The majority provides a barebones accounting of the facts and the procedural history of this appeal. But the nature of Patterson's crimes, the trauma he caused the victim, and his repeated and often frivolous collateral attacks vividly illustrate why the Antiterrorism and Effective Death Penalty Act bars second or successive petitions. Here's the rest of the story.
Ace Patterson is a prisoner in the custody of the Secretary of the Florida Department of Corrections. In 1997, he visited his cousin and his cousin's fiancée at their home in Madison County, Florida. There, Patterson was introduced to the couple's eight-year-old daughter before she went to bed. Patterson ate dinner and spent time with the couple and then left for the night. But he later returned uninvited.
In the middle of the night, Patterson broke into his cousin's home, lifted his cousin's sleeping eight-year-old daughter out of her bed, and carried her outside. Patterson dropped her in a dirty area of the woods and raped her. When she tried to scream, Patterson gagged her by sticking his fingers down her throat. When she tried to escape, Patterson grabbed her leg, dragged her back into the dirt, and raped her again. After the assault, the girl found her way back home. Her parents awoke to the sound of their eight-year-old daughter knocking on the front door—crying, covered in dirt, missing a clump of hair, and covered in scratches and bruises. The medical examiners later discovered dirt in her vagina and severe vaginal lacerations.
In 1998, a jury convicted Patterson of burglary, aggravated kidnapping of a child, and two counts of capital sexual battery. The Florida trial court sentenced him to 311 months imprisonment, consecutive terms of life imprisonment, and chemical castration. The 1998 sentence “committed [Patterson] to the custody of the Department of Corrections” and directed the Department to “keep and safely imprison” Patterson for the remainder of his life. A copy of the 1998 sentence is attached as Appendix A to this dissent. Patterson's convictions and sentence were affirmed on direct appeal.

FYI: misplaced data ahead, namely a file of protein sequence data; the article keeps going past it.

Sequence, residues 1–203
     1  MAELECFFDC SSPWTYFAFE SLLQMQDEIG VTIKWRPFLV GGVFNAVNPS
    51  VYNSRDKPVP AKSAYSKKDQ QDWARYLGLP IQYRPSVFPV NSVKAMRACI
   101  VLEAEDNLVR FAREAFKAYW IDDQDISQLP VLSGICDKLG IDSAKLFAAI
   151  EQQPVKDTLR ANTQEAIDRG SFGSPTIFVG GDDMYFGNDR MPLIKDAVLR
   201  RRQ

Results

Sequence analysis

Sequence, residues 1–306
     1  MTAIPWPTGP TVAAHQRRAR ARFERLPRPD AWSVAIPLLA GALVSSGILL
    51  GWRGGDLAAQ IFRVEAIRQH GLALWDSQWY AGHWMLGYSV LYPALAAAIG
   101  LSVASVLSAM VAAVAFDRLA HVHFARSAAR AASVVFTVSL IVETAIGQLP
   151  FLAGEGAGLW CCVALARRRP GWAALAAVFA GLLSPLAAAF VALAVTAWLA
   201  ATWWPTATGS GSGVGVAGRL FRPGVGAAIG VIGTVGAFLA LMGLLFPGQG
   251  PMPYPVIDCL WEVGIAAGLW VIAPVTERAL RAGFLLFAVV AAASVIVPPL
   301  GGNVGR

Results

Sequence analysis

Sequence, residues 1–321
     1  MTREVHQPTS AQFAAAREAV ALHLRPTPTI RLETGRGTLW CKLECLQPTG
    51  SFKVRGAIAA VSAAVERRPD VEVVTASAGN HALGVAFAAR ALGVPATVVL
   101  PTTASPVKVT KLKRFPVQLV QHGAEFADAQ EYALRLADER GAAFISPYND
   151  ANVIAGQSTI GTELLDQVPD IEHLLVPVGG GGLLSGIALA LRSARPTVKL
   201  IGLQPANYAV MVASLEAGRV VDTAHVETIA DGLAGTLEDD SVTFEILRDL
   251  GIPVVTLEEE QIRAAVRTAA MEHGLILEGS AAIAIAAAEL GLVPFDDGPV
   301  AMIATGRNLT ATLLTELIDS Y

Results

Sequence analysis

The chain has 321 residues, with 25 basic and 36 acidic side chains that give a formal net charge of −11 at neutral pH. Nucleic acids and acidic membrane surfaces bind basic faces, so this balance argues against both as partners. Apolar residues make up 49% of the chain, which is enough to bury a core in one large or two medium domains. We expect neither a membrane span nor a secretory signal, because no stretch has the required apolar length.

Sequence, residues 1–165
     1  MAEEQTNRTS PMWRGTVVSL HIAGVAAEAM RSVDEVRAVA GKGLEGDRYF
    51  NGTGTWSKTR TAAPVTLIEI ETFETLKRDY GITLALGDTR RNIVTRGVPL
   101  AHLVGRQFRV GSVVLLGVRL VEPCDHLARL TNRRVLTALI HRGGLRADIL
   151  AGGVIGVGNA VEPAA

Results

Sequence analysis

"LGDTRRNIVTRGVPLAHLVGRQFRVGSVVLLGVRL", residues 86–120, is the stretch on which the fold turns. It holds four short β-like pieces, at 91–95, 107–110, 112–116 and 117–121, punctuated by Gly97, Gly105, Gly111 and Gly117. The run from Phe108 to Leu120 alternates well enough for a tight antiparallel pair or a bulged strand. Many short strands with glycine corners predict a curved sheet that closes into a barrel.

Patterson then initiated a flurry of collateral attacks against his convictions, including four petitions for writs of habeas corpus in state court and an ethics complaint against the prosecutor who tried his case. His efforts failed, and a Florida appellate court warned him that “the filing of any further successive and/or frivolous petitions or appeals may result in the imposition of sanctions.” Patterson v. State, 788 So.2d 397 (Fla.Dist.Ct.App.2001) (mem.).
In 2006, Patterson filed his first federal petition for a writ of habeas corpus. He alleged that his convictions were secured in violation of the Due Process Clause of the Fourteenth Amendment, the Self–Incrimination Clause of the Fifth Amendment, and the right to effective assistance of counsel under the Sixth Amendment. The district court dismissed his 2006 petition as untimely. Ordinarily, that decision would have brought closure to the victim of his crimes, who was by then eighteen years old.